With COVID-19 impacting lives and businesses everywhere, it has never been more important for leaders to stay open to questions from their people. Giving the team a safe space to ask questions is essential for building trust and open culture.
However, in uncertain times, it’s tempting for leaders to just put their heads down and go directly into the crisis mode, focusing on fighting the fire in front of them instead of talking about it. They might not have many of the answers anyway, so what good would it do to admit it in front of everyone?
This is clearly the wrong approach. Especially in the face of a crisis, staying open to people’s questions becomes even more important – Are their jobs at risk? How’s the situation going to affect the business? Should they be worried?
If leaders don’t step up, people will go looking for the answers elsewhere resulting in fear and uncertainty which might paralyze operations exactly at a time when they need their whole team to row in the same direction.
Instead of avoiding addressing the tougher questions, it’s essential that leaders face the situation head-on, providing clarity in a time of uncertainty. AMAs are powerful tools to do exactly that.
AMA as a tool for transparency
A great example of this was a recent AMA session with the Jamaican Minister of Health and Wellness, who encouraged citizens to submit any questions they had about the measures the government was taking in response to the coronavirus outbreak. Before the session, they shared a Slido link on Twitter and collected over 380 questions and addressed the top-voted ones during a live stream session! You can watch it here.
At Slido, we dedicate the last 20 minutes of our monthly all-hands meetings to an AMA. Every month, we receive dozens of questions and as our feedback survey indicates, for many people the AMA session is the most valuable part of our all-hands.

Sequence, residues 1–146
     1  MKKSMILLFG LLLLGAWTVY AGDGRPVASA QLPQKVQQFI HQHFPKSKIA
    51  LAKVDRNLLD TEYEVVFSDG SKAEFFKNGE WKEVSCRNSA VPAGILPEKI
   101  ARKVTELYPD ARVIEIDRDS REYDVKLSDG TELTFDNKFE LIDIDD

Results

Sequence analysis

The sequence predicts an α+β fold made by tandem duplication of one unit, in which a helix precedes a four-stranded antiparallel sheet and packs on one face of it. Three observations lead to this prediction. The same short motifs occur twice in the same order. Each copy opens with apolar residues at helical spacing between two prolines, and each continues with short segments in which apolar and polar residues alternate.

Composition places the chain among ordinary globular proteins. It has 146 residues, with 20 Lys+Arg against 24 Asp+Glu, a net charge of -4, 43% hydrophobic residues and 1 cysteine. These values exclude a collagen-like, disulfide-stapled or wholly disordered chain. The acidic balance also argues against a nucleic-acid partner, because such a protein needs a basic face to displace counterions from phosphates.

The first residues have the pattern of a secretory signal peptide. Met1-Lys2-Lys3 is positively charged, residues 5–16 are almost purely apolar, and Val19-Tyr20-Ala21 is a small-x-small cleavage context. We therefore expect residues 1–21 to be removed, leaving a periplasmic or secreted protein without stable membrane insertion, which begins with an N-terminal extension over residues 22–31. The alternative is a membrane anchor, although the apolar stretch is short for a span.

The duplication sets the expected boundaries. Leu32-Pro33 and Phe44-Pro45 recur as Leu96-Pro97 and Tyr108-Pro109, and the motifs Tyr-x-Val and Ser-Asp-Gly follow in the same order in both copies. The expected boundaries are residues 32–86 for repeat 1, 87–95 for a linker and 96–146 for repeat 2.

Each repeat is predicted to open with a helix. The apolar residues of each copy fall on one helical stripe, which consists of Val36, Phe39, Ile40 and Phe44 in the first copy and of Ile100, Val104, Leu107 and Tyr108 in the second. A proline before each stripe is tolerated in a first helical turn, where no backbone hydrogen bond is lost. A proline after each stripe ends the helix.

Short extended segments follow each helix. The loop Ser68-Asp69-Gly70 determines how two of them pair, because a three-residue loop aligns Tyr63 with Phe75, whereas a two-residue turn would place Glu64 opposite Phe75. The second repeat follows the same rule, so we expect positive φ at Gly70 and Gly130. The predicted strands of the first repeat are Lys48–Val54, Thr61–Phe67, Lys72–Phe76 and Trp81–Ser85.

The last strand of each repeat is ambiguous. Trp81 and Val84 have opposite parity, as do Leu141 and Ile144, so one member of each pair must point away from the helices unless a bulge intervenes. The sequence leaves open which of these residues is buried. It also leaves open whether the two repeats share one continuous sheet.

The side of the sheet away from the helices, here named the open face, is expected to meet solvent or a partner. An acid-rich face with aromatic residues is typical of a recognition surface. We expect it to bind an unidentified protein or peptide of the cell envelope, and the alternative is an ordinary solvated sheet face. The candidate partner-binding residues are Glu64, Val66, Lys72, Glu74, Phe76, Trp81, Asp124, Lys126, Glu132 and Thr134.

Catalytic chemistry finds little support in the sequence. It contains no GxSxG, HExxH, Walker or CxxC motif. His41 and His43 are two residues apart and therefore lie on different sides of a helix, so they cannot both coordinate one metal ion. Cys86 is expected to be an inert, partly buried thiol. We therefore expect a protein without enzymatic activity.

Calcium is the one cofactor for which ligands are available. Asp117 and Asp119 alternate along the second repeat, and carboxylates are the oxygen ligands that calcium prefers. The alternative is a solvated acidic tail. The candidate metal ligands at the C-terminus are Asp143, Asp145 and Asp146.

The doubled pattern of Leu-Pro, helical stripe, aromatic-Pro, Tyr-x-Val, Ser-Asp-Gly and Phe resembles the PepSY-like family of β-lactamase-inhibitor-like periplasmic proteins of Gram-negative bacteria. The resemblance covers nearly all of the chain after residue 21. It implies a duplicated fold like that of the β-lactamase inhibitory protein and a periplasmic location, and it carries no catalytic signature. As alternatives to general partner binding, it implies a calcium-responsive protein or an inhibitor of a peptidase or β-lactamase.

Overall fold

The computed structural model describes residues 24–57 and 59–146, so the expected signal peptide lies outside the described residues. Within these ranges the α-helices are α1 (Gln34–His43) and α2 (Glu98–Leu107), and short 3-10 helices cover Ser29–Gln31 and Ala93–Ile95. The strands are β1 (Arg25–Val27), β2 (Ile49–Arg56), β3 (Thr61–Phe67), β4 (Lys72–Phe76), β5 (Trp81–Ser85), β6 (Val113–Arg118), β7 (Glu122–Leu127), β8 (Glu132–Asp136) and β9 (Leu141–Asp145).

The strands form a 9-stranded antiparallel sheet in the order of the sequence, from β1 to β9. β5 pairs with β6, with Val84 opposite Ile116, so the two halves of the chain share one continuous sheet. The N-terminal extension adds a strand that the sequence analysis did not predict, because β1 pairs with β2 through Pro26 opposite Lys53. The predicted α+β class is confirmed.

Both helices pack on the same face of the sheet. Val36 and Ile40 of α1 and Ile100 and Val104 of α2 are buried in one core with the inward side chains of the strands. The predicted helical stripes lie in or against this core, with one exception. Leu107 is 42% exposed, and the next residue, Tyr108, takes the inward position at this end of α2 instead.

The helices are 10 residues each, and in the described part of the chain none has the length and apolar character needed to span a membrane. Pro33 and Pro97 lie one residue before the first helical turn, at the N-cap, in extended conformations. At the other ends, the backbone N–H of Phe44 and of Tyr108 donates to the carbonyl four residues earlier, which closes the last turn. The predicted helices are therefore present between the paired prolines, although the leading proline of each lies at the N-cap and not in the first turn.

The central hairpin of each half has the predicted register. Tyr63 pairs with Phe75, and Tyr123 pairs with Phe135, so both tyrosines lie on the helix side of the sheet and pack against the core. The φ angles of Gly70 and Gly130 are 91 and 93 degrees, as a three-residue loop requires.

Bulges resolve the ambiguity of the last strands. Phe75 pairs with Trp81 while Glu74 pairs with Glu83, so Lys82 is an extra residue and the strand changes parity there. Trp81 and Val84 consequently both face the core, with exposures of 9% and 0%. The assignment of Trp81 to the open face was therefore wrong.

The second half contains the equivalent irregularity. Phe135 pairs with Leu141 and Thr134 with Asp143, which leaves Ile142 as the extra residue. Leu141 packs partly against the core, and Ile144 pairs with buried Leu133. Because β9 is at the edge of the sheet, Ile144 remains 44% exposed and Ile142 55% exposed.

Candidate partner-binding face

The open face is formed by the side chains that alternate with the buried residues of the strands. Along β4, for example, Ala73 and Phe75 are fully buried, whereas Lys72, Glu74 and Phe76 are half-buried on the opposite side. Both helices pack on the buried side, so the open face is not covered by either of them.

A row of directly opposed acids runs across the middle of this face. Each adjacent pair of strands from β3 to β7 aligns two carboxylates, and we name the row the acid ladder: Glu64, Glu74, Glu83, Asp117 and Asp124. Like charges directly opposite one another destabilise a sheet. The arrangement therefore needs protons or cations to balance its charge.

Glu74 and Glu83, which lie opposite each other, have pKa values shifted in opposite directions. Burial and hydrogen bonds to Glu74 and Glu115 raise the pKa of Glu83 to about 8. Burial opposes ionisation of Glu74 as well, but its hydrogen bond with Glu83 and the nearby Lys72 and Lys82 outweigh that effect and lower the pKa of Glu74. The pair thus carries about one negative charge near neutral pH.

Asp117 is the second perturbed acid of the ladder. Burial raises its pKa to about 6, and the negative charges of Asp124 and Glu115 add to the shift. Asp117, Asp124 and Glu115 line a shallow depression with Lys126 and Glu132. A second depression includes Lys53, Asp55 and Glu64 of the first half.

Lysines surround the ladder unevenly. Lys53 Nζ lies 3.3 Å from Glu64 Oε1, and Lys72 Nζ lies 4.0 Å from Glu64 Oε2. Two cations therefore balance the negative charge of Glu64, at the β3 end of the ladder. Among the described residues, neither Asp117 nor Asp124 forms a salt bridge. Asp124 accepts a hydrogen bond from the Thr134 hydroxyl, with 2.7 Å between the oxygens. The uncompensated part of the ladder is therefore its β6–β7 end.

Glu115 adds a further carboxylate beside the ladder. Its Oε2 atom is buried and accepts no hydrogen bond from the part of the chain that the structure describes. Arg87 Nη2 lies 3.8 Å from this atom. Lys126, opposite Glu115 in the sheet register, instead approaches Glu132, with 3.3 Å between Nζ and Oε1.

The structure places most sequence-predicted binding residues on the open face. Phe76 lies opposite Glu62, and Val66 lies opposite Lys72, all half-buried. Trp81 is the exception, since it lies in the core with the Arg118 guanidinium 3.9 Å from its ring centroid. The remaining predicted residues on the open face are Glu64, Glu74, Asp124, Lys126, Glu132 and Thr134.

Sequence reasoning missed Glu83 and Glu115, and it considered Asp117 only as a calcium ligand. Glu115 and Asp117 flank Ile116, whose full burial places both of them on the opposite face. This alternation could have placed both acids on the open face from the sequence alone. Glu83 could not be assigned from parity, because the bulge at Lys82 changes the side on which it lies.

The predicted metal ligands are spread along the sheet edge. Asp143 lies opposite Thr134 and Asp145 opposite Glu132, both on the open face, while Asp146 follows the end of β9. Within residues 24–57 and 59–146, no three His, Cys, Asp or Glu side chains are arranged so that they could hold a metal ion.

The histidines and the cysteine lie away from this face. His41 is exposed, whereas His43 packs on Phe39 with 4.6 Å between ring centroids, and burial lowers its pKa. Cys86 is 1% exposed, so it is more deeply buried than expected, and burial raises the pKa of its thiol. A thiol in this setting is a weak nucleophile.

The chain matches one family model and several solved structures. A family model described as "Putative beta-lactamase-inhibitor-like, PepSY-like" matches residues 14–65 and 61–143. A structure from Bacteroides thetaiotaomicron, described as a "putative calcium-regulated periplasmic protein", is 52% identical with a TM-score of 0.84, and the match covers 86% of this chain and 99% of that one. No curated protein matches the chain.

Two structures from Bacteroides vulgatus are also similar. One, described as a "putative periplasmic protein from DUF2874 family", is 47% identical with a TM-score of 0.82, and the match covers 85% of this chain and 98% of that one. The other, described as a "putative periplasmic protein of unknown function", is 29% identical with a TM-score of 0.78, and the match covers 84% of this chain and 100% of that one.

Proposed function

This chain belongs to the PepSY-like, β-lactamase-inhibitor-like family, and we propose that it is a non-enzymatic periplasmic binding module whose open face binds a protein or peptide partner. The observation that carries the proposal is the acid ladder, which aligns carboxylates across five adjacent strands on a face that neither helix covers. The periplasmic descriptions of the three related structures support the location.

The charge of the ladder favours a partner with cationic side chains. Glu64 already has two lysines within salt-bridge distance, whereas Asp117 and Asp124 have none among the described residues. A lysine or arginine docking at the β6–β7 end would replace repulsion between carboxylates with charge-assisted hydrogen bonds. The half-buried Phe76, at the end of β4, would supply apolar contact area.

However, given how fast the COVID-19 situation is evolving, we realized that doing AMA just once a month was no longer enough. Therefore we decided to run a dedicated AMA session this week to address our team’s top questions connected with the coronavirus outbreak. And if the situation continues to evolve, we might change it into a regular session every Friday.
As leaders, we might not have every answer, but it’s extremely important to talk about the situation openly with our employees and make them feel included in the conversation. I believe we have a duty to hear our team out and reassure them that we’re in it together.
How to pull off a successful AMA session
AMA sessions are actually quite easy to set up.
Share a link to Slido Q&A via Slack or email a few days before the session so that people can start posting their questions in advance.
Send a quick reminder once or twice throughout the week. Usually, you should get most of the questions already in advance, which gives you time to prepare your answers.
During the AMA session, spend the first few minutes summarizing the latest developments and share important updates.
Before jumping into people’s questions, acknowledge that you might not have all the answers, but that you will try to address all questions as best as you can, or get back to them later.
It’s great practice to ask one of your colleagues to join you as a moderator on stage to read the questions. This makes the session flow much more smoothly.
Start answering the questions one by one based on their popularity. Your colleague can help you group questions with similar topics to create a natural feeling of conversation.
Five minutes before the end of the AMA, encourage your team to go to Slido one last time and upvote 1-2 questions that they really want to hear answered. That way, you will make sure that no recent questions were left ignored.
If there are still some outstanding questions at the end, it’s good practice to address the top 10 afterwards in writing, and share it as a memo with your team.
One more thing – don’t forget to record the session so that people who couldn’t attend may watch it later.
That’s it. Pulling off an AMA session for your team is not that difficult.
The hard part is to find the time (and sometimes courage) amid everything else that’s going on, to stand in front of your people, prepare for their questions, and give them the honest answers they deserve.
Yes, running an AMA at times like these can be tough and may feel uncomfortable, but it’s an investment into your team. Especially in turbulent times, we need our leaders to step up and keep their people aligned and safe.